Removal of the crankset is straight forward – a single 8mm self extracting allen will remove the arm and the spindle/arm will slide out the other side. The bottom bracket is easily removed with the included wrench. After a season of use the crank arm with their semi-squared edges showed a bit of rubbing but nothing to be concerned about. The spindle, although dirty was still smooth and without any scarring.
Really, the only sign of wear comes from the non-drive side bottom bracket bearing. Still turning smoothly on the bike, the bearing is a bit notchy when turning it by hand. We’d like to see longer bearing life, but after cleaning the bearing and using a pick to remove the seal and repack with grease, it felt much better.
Machined pockets usually equates to mud catchers, but in this case the back of the Turbine crank arms stayed relatively clean. Over the course of the summer neither the crank/chainring or bottom bracket needed additional adjustment or tightening.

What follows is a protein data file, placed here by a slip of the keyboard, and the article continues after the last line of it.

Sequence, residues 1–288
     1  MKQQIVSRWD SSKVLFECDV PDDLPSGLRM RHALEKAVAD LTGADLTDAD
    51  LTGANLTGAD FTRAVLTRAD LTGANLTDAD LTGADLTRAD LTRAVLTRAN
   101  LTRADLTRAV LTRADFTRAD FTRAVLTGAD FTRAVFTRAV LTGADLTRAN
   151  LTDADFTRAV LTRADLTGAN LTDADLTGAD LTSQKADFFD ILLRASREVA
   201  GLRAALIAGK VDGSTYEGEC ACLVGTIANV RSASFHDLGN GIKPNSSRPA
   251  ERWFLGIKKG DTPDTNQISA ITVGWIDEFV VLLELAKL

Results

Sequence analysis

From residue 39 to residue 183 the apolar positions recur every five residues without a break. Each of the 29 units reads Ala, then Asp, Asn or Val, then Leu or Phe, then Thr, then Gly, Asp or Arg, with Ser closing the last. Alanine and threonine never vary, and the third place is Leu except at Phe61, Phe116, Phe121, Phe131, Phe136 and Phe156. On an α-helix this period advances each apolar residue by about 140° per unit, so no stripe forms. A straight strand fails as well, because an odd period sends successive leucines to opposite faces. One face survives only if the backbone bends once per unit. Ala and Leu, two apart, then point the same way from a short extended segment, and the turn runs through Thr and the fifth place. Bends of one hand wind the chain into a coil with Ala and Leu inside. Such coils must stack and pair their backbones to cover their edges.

Removal of the spindle from the non drive crank arm is a bit more involved since they are not fitted with a self extracting bolt from the factory. Instead, the spindle is attached with a 16mm allen bolt which can present a problem since that size isn’t included in standard allen wrench kits.
Fortunately, there are a number of ways to tackle the issue. Maybe the simplest is to order the Race Face 8-16mm hex adapter tool when you order the crank. The clever little tool is basically a 16mm hex fitting with an 8mm hex tunneled through the middle. Then there’s the fact that 16mm and 5/8″ allen wrenches are one and the same, so you should be able to find a wrench if you don’t want to wait on the Race Face tool.
And what if you’ve waited until all the stores are closed and want to get it done now? If you happen to have a bolt with a 5/8″ head and a vice, you’re in luck. Place the bolt in an axle vice (or skip it if you don’t care about the bolt), and it makes a perfect set up to remove the spindle. The new spindles include a self extracting bolt set so you only have to do this once.